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Garcia v. Spun Steak Co. - 998 F.2d 1480 (9th Cir. 1993)

Rule:

The Equal Employment Opportunity Commission (EEOC) guidelines provide that an employee meets the prima facie case in a disparate impact cause of action merely by proving the existence of an English-only policy. 29 C.F.R. § 1606.7(a)(b) (1991). Under the EEOC's scheme, an employer must always provide a business justification for such a rule. The EEOC enacted this scheme in part because of its conclusion that English-only rules may create an atmosphere of inferiority, isolation, and intimidation based on national origin which could result in a discriminatory working environment. 29 C.F.R. § 1606.7(a).

Facts:

Spun Steak Company (Spun Steak) implemented a policy requiring its bilingual employees to speak only English while at work. The employees and their union brought an action against Spun Steak that alleged the English-only policy violated Title VII of the Civil Rights Act of 1964, 42 U.S.C.S. § 2000e. The employees claimed that Spun Steak’s policy adversely affected the Spanish-speaking employees in the following ways: it denied them the ability to express their cultural heritage on the job; it denied them a privilege of employment enjoyed by monolingual speakers of English; and it created an atmosphere of inferiority, isolation, and intimidation. The district court granted summary judgment for the employees and concluded that the English-only policy disparately impacted Hispanic workers without sufficient business justification.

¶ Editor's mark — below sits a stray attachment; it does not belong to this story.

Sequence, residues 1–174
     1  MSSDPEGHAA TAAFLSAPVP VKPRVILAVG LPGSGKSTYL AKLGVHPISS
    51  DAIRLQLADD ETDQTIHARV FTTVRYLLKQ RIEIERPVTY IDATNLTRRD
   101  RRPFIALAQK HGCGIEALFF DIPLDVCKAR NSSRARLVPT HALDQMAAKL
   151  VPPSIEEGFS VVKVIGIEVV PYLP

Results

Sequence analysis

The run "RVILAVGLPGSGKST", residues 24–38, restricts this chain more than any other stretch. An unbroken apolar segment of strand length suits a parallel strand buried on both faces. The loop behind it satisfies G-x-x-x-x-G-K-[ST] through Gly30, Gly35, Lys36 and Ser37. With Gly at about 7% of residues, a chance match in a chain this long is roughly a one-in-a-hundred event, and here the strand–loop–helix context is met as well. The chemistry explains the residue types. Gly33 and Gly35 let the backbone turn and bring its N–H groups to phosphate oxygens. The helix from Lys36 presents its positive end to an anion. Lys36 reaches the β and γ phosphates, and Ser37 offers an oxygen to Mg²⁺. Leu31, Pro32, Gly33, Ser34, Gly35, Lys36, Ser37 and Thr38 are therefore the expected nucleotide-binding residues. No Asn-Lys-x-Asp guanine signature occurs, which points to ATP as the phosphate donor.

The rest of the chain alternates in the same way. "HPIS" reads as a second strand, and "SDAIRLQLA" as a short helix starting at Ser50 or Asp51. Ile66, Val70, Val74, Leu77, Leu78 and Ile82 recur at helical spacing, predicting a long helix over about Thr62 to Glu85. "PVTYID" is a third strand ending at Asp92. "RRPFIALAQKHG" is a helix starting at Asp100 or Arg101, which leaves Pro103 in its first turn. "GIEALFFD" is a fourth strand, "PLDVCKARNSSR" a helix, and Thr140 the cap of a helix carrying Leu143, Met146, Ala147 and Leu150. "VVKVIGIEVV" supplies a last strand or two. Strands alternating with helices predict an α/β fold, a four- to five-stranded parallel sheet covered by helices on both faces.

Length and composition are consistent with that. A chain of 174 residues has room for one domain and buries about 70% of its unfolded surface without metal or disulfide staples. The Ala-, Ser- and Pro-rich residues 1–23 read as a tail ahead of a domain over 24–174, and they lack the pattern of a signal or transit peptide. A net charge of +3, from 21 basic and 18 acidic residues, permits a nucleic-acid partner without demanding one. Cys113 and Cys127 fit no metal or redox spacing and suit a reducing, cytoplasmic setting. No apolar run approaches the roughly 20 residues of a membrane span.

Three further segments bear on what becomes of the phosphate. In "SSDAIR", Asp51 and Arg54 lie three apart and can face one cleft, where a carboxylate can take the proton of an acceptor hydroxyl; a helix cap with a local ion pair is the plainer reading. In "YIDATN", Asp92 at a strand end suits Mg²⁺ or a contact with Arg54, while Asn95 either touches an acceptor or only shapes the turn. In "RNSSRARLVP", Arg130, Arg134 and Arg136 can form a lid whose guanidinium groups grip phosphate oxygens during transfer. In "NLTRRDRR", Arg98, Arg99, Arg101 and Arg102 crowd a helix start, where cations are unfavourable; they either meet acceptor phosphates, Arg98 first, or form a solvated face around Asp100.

Issue:

Did Spun Steak violate Title VII of the Civil Rights Act of 1964 in requiring its bilingual workers to speak only English while working on the job?

Answer:

No

Conclusion:

The Court of Appeals for the Ninth Circuit held that the employees had failed to make out a prima facie case because they had failed to actually prove any discriminatory impact. The Court also held that it was not bound by EEOC guidelines. The EEOC guidelines provide that an employee meets the prima facie case in a disparate impact cause of action merely by proving the existence of an English-only policy. 29 C.F.R. § 1606.7(a)(b) (1991). Under the EEOC's scheme, an employer must always provide a business justification for such a rule. The EEOC enacted this scheme in part because of its conclusion that English-only rules may create an atmosphere of inferiority, isolation, and intimidation based on national origin which could result in a discriminatory working environment. 29 C.F.R. § 1606.7(a).

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